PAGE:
Monday, June 15, 2009
In a matter that was initiated as a result of a random audit of an attorney's trust account, the Vermont Professional Conduct Board imposed a public reprimand of an attorney who kept a "positive balance" in his trust account. The conduct involved commingling but not misappropriation. The board found the following facts:
Respondent is a solo practitioner who focuses on real estate work. He was admitted to the Vermont Bar in 1979. In November of 2007, Respondent’s trust account was chosen to be audited as part of the audit program conducted by Disciplinary Counsel. A Certified Public Accountant performed the audit in January of 2008 and as a result of the audit, Disciplinary Counsel opened an investigation into Respondent’s trust account management.
In the course of the investigation, Respondent admitted that since 1978, it has been his practice to “maintain a positive balance” of his own funds in his trust account to provide a cushion against the various errors that, in his experience, can occur in the process of closing real estate transactions. On the date of the audit, there was approximately $1200 of Respondent’s own money in his trust account.
Respondent also admitted that for approximately ten years, not all deposits to his trust account were properly recorded in his trust account ledger, and at the time of audit, the ledger balance was approximately $4000 less that the actual balance in the trust account.
Over the years, Respondent had received and reviewed his monthly trust account statements, but he did not compare or reconcile his bank statements to his trust accounting system. Had he made the reconciliation, he would have realized that the balance on the bank statement was more than the balance reflected in his trust account ledger, and he would have realized that some deposits had not been properly recorded in his ledger.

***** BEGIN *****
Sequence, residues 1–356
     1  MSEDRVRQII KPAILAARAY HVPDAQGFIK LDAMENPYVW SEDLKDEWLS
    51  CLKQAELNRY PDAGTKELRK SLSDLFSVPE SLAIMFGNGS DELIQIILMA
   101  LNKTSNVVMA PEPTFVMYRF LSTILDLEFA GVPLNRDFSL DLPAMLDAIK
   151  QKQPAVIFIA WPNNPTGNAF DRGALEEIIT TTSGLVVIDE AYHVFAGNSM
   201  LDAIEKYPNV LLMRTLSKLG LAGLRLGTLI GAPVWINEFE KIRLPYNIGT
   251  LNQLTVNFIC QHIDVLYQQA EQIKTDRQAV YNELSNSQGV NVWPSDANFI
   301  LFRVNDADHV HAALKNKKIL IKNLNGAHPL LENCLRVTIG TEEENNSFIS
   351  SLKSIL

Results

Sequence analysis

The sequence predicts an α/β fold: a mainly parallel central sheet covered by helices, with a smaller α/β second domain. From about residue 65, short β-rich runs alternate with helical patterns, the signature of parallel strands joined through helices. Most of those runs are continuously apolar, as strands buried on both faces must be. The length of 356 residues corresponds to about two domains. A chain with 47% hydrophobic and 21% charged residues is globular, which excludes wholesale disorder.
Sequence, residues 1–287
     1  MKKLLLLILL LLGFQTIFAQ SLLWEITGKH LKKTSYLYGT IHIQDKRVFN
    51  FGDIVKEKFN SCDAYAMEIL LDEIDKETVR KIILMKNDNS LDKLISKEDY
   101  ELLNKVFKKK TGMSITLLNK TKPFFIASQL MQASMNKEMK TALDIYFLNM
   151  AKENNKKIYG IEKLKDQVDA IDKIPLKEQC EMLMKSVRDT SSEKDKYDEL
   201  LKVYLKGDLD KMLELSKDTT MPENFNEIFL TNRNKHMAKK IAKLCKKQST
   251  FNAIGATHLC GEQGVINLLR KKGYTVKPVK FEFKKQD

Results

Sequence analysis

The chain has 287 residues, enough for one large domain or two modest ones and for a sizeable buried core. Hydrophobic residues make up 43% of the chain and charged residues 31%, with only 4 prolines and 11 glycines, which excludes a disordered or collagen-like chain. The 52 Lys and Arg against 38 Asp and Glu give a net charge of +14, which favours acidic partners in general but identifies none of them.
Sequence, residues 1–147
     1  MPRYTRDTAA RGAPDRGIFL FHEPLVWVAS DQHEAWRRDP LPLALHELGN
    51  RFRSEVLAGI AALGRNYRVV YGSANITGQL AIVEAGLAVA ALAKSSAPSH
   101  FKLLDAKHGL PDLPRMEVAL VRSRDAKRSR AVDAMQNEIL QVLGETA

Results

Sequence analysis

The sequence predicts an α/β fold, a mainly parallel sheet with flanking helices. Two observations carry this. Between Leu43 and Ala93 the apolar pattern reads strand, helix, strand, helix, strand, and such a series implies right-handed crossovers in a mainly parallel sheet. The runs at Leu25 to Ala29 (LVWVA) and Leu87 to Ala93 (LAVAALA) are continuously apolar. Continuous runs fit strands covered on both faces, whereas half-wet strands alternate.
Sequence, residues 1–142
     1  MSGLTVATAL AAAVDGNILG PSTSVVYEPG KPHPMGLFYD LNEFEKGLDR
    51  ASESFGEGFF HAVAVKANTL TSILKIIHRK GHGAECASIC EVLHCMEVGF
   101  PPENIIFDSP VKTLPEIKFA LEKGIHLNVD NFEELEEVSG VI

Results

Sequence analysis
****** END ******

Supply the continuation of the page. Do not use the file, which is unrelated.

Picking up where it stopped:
Respondent cooperated with the audit and Disciplinary Counsel’s investigation and, at the suggestion of the CPA who performed the audit, he has made several changes to his trust accounting system. He has also reconciled his trust account.
Neither the audit nor the investigation revealed any evidence to suggest that Respondent intended to misuse client funds or to put client funds at risk. Respondent has no previous discipline and there is no evidence to suggest that he had a dishonest or selfish motive for maintaining his own funds in his trust account and for failing to reconcile his bank statements to his ledgers.
While the investigation was pending, Disciplinary Counsel received a notice of overdraft to the trust account. This did not result from unethical conduct and in the past six months there have been no other overdraft notices.